A wide range interleaved VCO is formed by having a ring oscillator formed with an odd number of series coupled inverters. An odd number of the series inverters are bypassed by a voltage controlled inverting circuit. The voltage controlled inverting circuit comprises an inverter and a transfer gate with complementary P channel and N channel FET devices controlled by complementary control voltages. In one embodiment of the present invention, the complementary voltages are coupled to a terminal on the corresponding PFET and NFET of the transfer gate connected to the body of each of the FET devices. Likewise, the complementary voltages are coupled to the corresponding gate terminals of the FET devices. This allows the delay modified by the transfer gate delay to have a wider control range. In another embodiment, the complementary control voltages are coupled to the corresponding PFETs and NFETs in the primary string of series coupled inverters in the ring oscillator for additional frequency control range.
The foregoing has outlined rather broadly the features and technical advantages of the present invention in order that the detailed description of the invention that follows may be better understood. Additional features and advantages of the invention will be described hereinafter which form the subject of the claims of the invention.
For a more complete understanding of the present invention, and the advantages thereof, reference is now made to the following descriptions taken in conjunction with the accompanying drawings, in which:
In the following description, numerous specific details are set forth to provide a thorough understanding of the present invention. However, it will be obvious to those skilled in the art that the present invention may be practiced without such specific details. In other instances, well-known circuits may be shown in block diagram form in order not to obscure the present invention in unnecessary detail. For the most part, details concerning timing, and the like have been omitted inasmuch as such details are not necessary to obtain a complete understanding of the present invention and are within the skills of persons of ordinary skill in the relevant art.
Refer now to the drawings wherein depicted elements are not necessarily shown to scale and wherein like or similar elements are designated by the same reference numeral through the several views.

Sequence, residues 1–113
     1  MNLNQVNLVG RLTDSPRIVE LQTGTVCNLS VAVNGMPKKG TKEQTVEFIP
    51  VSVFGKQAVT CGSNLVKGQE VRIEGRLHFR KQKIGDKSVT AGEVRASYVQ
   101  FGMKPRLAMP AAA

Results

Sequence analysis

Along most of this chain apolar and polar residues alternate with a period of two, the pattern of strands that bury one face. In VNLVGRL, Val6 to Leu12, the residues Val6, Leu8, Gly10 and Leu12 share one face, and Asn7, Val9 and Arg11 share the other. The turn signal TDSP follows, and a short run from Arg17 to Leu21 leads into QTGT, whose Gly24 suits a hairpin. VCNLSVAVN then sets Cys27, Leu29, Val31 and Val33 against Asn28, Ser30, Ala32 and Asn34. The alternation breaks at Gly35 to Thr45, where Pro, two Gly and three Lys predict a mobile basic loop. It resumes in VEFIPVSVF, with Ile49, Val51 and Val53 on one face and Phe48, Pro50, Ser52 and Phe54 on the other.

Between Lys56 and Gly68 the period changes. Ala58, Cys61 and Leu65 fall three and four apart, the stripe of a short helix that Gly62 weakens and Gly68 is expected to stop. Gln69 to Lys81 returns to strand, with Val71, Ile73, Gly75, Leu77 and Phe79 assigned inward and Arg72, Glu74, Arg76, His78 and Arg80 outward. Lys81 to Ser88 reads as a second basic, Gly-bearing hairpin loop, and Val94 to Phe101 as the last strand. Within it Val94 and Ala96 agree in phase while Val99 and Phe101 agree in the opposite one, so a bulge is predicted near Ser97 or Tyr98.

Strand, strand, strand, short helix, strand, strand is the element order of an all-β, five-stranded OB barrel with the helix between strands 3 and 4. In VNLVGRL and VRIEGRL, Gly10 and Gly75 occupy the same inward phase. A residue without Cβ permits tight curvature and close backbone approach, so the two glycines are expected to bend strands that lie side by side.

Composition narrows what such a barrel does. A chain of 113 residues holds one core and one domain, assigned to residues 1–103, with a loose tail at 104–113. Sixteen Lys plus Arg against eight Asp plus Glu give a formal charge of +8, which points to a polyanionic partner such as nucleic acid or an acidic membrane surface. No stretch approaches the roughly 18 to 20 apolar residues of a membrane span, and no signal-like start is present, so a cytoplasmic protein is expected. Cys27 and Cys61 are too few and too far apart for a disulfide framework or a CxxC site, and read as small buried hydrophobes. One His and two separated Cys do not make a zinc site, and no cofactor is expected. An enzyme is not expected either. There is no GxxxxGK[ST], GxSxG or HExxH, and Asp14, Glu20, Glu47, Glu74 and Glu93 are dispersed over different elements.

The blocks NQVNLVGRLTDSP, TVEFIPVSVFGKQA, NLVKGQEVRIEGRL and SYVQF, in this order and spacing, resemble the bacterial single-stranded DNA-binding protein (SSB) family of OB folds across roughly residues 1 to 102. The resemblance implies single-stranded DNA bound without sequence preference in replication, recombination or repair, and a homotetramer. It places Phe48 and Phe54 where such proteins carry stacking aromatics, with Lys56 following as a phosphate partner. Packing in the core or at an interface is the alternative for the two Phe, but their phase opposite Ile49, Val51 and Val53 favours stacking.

The circuit connection of the inverters and transfer gates in
PFETs 301 and 303 have body electrodes 305 and 307 coupled to the body semiconductor used to form their field effect structure. Likewise, NFETs 302 and 304 have a corresponding body electrodes 306 and 308. The body electrodes are coupled to complementary voltages Vc 311 and Vcb 312. These voltages have the same nominal voltage level, however when varied they move in opposing directions. Control voltages Vc 311 and Vcb 312 maybe be generated locally or distributed as complementary voltages. Element 320 is used to indicate that the BFF 300 has a basic inverting functionality.
Although the present invention and its advantages have been described in detail, it should be understood that various changes, substitutions and alterations can be made herein without departing from the spirit and scope of the invention as defined by the appended claims.
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|US8441095 *||May 14, 2013||Renesas Electronics Corporation||Semiconductor device having a ring oscillator and MISFET for converting voltage fluctuation to frequency fluctuation|
|US8683414||Apr 18, 2013||Mar 25, 2014||Renesas Electronics Corporation||Semiconductor integrated circuit device with independent power domains|
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|US9087818||Feb 21, 2014||Jul 21, 2015||Renesas Electronics Corporation||Semiconductor integrated circuit device with independent power domains|
|US20070040621 *||Aug 16, 2005||Feb 22, 2007||Ngo Hung C||Voltage controlled oscillator using dual gated asymmetrical FET devices|
|US20070057735 *||Sep 12, 2005||Mar 15, 2007||P.A. Semi, Inc.||Voltage-controlled oscillator for low-voltage, wide frequency range operation|
|US20100277213 *||Jul 16, 2010||Nov 4, 2010||Fujitsu Semiconductor Limited||Variable delay circuit, variable delay device, and vco circuit|
|US20120187981 *||Apr 3, 2012||Jul 26, 2012||Renesas Electronics Corporation||Semiconductor integrated circuit device|
|U.S. Classification||331/57, 331/45|
|International Classification||H03K3/03, H03B27/00|
|Feb 11, 2004||AS||Assignment|
Owner name: INTERNATIONAL BUSINESS MACHINES CORPORATION, NEW Y
Free format text: ASSIGNMENT OF ASSIGNORS INTEREST;ASSIGNOR:NGO, HUNG C.;REEL/FRAME:014331/0188
Effective date: 20030120
|Sep 28, 2009||REMI||Maintenance fee reminder mailed|
|Feb 21, 2010||LAPS||Lapse for failure to pay maintenance fees|
|Apr 13, 2010||FP||Expired due to failure to pay maintenance fee|
Effective date: 20100221